Knowledge is power
organizations empower women in technology. Kristen McQuillin
enjoys the fruit of knowledge.
Women have a long history in
IT. In 1843, Ada Lovelace, daughter of the poet Lord Byron, described what is considered
the first computer programming language. Back then she stood alone, but today women make
up approximately one third of the IT workforce worldwide.
By 2005, Japan aims to be the world's most technologically advanced nation. But to get
there requires a lot of work - and many new workers. According to Hiroaki Watanabe, a
researcher at the Japan Institute of Labor, computer and data processing services will
hire 600,000 new employees in the next ten years. This soaring demand will give women the
opportunity to bridge the gender gap in the IT field. But if you're new to this line of
work how do you get a foot in the door?
Online women's IT organizations can help. Whether you're a college student hoping for a
job in technology, a woman wishing to make a career change, or a professional already in
the field, joining a women's computing group provides support, advice, and networking
contacts. Online communities for women in technology include the Association of Women in
Computing, World WIT, Systers, while various websites offer job postings and national and
Personal interaction takes women's groups a step beyond a web page. One global women's IT
organization, DigitalEve, has a chapter here in Tokyo. Over 100 women in Japan are members
of the bilingual group, which launched in February. "Our mission is to encourage
women and girls to pursue technology-related careers and to empower women already in IT to
become top-level professionals," Kristen Elsby, co-leader of the group, explains.
Globally, DigitalEve numbers over 10,000 members in communities in the US, Canada, UK,
Europe, Australia and Asia.
Many members, many views
IT careers span a range of technologies and interests. DigitalEve Japan's membership
includes women in financial services, agriculture, media, education, law, architecture,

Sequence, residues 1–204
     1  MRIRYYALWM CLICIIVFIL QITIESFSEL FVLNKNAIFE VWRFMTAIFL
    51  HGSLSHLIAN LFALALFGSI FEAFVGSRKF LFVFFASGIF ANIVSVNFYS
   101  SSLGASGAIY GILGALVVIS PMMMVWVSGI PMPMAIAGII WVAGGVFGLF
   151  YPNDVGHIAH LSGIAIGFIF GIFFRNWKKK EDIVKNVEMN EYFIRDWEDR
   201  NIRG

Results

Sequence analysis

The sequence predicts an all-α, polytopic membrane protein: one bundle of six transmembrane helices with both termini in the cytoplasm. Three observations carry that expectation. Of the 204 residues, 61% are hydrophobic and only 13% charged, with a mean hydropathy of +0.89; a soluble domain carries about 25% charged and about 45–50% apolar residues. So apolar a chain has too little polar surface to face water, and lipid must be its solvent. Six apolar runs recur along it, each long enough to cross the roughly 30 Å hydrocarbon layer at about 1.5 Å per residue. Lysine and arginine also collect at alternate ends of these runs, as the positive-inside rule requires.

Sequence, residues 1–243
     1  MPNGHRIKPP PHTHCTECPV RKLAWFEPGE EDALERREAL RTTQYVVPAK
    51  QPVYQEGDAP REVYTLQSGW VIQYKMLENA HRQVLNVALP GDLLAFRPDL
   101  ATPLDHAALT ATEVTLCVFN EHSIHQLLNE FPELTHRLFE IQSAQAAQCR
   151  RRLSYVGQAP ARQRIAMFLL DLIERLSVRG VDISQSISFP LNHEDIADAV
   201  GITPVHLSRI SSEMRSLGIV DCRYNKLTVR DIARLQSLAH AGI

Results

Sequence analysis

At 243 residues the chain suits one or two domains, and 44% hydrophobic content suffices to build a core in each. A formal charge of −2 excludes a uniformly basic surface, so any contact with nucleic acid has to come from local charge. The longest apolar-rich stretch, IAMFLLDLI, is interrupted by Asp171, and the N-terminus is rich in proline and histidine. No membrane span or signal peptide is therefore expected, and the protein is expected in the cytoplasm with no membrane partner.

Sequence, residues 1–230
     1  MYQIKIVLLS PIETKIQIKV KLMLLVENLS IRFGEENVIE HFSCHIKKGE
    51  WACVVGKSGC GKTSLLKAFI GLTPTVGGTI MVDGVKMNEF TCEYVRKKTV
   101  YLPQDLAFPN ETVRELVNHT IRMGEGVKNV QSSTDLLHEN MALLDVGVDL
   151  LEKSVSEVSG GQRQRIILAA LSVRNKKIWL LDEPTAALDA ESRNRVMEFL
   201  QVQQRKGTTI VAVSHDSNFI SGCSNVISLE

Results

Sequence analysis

and Internet services. All ages - from students to retirees - are represented, and women
of all skill levels are encouraged to join DigitalEve's free mailing list and to attend
monthly workshops and events in the Tokyo area.
Tomoe Ryushin, a Kanazawa-based writer, explains why she's a member. "I do heaps of
my researching on the Internet, and lots of work via email too, so over the last ten years
my computer has really come to be a central figure in my life, something I never imagined
would happen and for a long time actually tried to avoid. But somewhere along the way I
realized this was a great thing - how else could one live in the countryside and write for
publications all around the globe on a myriad of subjects? This is just what I've always
wanted. So I decided to embrace the cyberborg existence."
Caroline Pover, founder of Being A Broad and author of a forthcoming book of the same
name, offers a different perspective. "Personally for me I feel connected to hundreds
of women through the DigitalEve mailing list, as well as my own, and I think that feeling
of being connected may be something that women value, appreciate, and need more than men,
especially in Japan."
Not just another pretty list
DigitalEve Japan offers monthly events featuring low-cost, hands-on opportunities to learn
new skills and explore cutting-edge technologies. Upcoming seminars include a two-day web
design retreat, a digital video workshop, and a tutorial on database design. The 10th of
every month is a social networking event, DigitalEVEning, held at locations around Tokyo.
By developing a community where women can discuss issues relating to their digital
lifestyles, members of women's IT groups benefit from new perspectives that enhance their
careers. And with 40 percent of women in Japan using the Internet for more than 50 hours
per month, such a service will allow women to fill gaps in IT and programming by helping
to give birth to new ideas.
Assoc. of Women in Computing
Institute for Women & Technology